Many scholars trace the birth of modern science back to Galileo Galilei (1564-1642), who used instruments to observe nature and experiments to understand it. Like Copernicus, he began training for a career in medicine, but later switched to a subject more to his liking, mathematics. Galileo long accepted Copernicusí idea that Earth and the other planets orbited the sun, but he was the first able to prove it based on his observations with a telescope.
Many people think Galileo invented the telescope, but thatís not true. Spectacle makers in Europe had probably discovered how to make distant objects appear closer well before Galileo. The first telescope to arouse interest, however, was made in 1608 by the Dutch optician Hans Lippershey. When Galileo heard of it, he quickly made his own and turned it on the heavens.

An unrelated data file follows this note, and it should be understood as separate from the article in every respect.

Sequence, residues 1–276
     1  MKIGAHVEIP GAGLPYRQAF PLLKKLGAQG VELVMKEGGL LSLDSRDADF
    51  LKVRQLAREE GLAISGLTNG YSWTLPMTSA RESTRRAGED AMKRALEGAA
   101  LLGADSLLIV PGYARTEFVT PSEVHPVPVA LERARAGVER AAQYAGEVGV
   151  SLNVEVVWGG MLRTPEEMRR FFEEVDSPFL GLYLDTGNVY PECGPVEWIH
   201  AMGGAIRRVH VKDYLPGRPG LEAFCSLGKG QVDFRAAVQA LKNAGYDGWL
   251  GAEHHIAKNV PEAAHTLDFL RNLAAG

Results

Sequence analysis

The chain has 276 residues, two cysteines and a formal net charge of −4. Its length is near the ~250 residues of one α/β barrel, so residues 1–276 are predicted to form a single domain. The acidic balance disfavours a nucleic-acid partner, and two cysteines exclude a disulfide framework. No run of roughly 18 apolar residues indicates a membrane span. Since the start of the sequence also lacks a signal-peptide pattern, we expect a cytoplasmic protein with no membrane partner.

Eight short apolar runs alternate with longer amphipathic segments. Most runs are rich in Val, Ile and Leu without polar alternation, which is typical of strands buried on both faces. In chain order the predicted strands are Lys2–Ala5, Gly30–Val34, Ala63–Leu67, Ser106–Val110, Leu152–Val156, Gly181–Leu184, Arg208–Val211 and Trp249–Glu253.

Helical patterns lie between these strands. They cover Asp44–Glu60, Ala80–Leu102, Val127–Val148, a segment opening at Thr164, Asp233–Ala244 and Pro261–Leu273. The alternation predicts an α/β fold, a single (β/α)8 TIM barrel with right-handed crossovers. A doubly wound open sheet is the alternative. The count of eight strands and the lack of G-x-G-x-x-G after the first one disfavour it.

Within a few months he had discovered four moons orbiting Jupiteródestroying the Greek idea that Earth was the center of all motionóand the phases of Venusó overturning Ptolemyís concept that the Sun and planets all orbited Earth. He wrote of his sensational discoveries in Italian rather than academic Latin so the general public could read about them. His observations improved our knowledge of the universe we live in and helped turn science into an experimental endeavor. For his efforts, and their devastating effect on the religious dogma of the time, he was forced to recant his findings before the Inquisition and spent the last decade of his life under house arrest.